Denies food allergies or sensitivities (other than peanuts)
(Found)
Pro Tip: While general questions about allergies may elicit important information, the patient may not spontaneously report all allergies. For example, a food allergy may be overlooked by a patient who hasn’t experienced an allergy to things they eat, or to a patient who has already reported known food allergies. To form a more complete picture, it is important to ask specifically about food allergies.
Example Question:
Do you have any food allergies?
Finding:
Denies known environmental allergies
(Found)
Pro Tip: While general questions about allergies may elicit important information, the patient may not spontaneously report all allergies. For example, seasonal allergies may be overlooked by the patient because he or she considers them to be very common or harmless. In addition, if the patient is not currently experiencing an allergic reaction, this information may slip his or her mind. Therefore, it is important to ask specifically about environmental allergies.
Example Question:
Do you have any environmental allergies?

Substance Use

Finding:
Asked about tobacco and nicotine use

Finding:
Reports “some” tobacco use
(Found)
Pro Tip: Tobacco use in all its forms carries risk of adverse health consequences, so it is critical to ask your patient about tobacco use during a health history interview.
Example Question:
What tobacco products have you used?

Finding:
Followed up on type of tobacco or nicotine

Finding:
Reports smoking cigarettes
(Found)
Pro Tip: Smoking is a significant risk factor for many diseases and conditions including lung cancer, emphysema, and heart disease. Therefore, it is essential to ask patients about smoking and other tobacco use during a health history interview.
Example Question:
What do you smoke?
Finding:
Denies other forms of smoking tobacco such as cigars and pipes
(Available)
Pro Tip: Smoking is a significant risk factor for many diseases and conditions including lung cancer, emphysema, and heart disease. Furthermore, different forms of smoked tobacco may carry specific health risks; it is important to ask about other types of smoking tobacco to form a full picture of the patient’s smoking patterns.
Example Question:
Do you smoke cigars?
Finding:
Denies using chew or smokeless forms of tobacco
(Available)
Pro Tip: Smokeless tobacco also carries the risk of adverse health consequences for users, therefore it is important to ask a patient specifically about these products.
Example Question:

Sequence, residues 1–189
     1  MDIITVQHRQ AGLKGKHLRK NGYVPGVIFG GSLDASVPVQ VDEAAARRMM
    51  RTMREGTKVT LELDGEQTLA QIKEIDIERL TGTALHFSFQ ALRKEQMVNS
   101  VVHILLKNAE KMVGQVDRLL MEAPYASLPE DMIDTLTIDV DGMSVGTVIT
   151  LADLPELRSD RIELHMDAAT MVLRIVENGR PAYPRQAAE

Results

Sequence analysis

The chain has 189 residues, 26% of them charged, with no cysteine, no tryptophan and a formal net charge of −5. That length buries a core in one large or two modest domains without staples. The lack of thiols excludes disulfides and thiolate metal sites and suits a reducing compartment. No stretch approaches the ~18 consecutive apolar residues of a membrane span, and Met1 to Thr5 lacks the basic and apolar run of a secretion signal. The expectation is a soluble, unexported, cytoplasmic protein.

Have you ever tried chewing tobacco?
Finding:
Denies vaping or e-cigarettes
(Available)
Pro Tip: While less is known about the specific health consequences of e-cigarettes and personal vaporizers for tobacco use, it is important to to ask a patient about these products to form a more complete picture of their tobacco use patterns.
Example Question:
Have you ever tried an electronic cigarette?

Finding:
Followed up on patterns of tobacco use

Finding:
Reports smoking “really not very many” cigarettes
(Found)
Pro Tip: When a patient reports smoking, it is important to determine the quantity of the patient’s tobacco use in order to assess the patient’s risk level for associated health problems, and also to gauge the degree of the patient’s dependence.
Example Question:
How much do you smoke?
Finding:
Has smoked 3 times (one cigarette each time)
(Found)
Pro Tip: When a patient reports smoking, it is important to determine the frequency and duration of the patient’s tobacco use in order to assess the patient’s risk level for associated health problems, and also to gauge the degree of the patient’s dependence.
Example Question:
How many times have you smoked?

Finding:
Explored patient’s perception of tobacco use

Finding:
Reports understanding of health impacts of smoking
(Available)
Pro Tip: When a patient reports smoking, assessing their knowledge about tobacco use can enable providers to engage in relevant conversation with the patient, and to offer helpful education.
Example Question:
Can you tell me what you know about the health impacts of smoking? Shadow Health Conversation Concept Lab Assignment
Finding:
Reports negative experiences with smoking
(Found)
Pro Tip: In an adolescent patient, evaluating his or her attitude towards smoking can enable the provider to offer relevant support and education. For example, if the patient communicates that he or she views smoking as a means of relaxing, a provider can offer education and strategies for achieving relaxation in healthy ways.
Example Question:
How do you feel about smoking?

Finding:
Explored reasons that patient experimented with smoking

Finding:
Describes peer pressure related to smoking
(Found)
Pro Tip: When an adolescent patient reports smoking, evaluating the circumstances and social pressure involved may help the provider understand the patient’s motive for smoking. Addressing these motives directly, and exploring their origins, can be essential components of patient education regarding smoking.
Example Question:
Do your friends encourage you to smoke?
Finding:
Reports that she will avoid smoking in the future
(Found)
Pro Tip: When an adolescent patient reports smoking, evaluating the circumstances and social pressure involved may help the provider understand the patient’s motive for smoking. Addressing these motives directly, and exploring their origins, can be essential components of patient education regarding smoking.
Example Question:
What will you say if your friends asked you to smoke again?

Finding:
Asked about alcohol use

Finding:
Denies alcohol use
(Found)
Pro Tip: Asking direct opening questions about alcohol consumption is more likely to prompt a definitive response from a patient.
Example Question:
Have you ever tried alcohol?
Finding:
Denies being around friends who consume alcohol
(Available)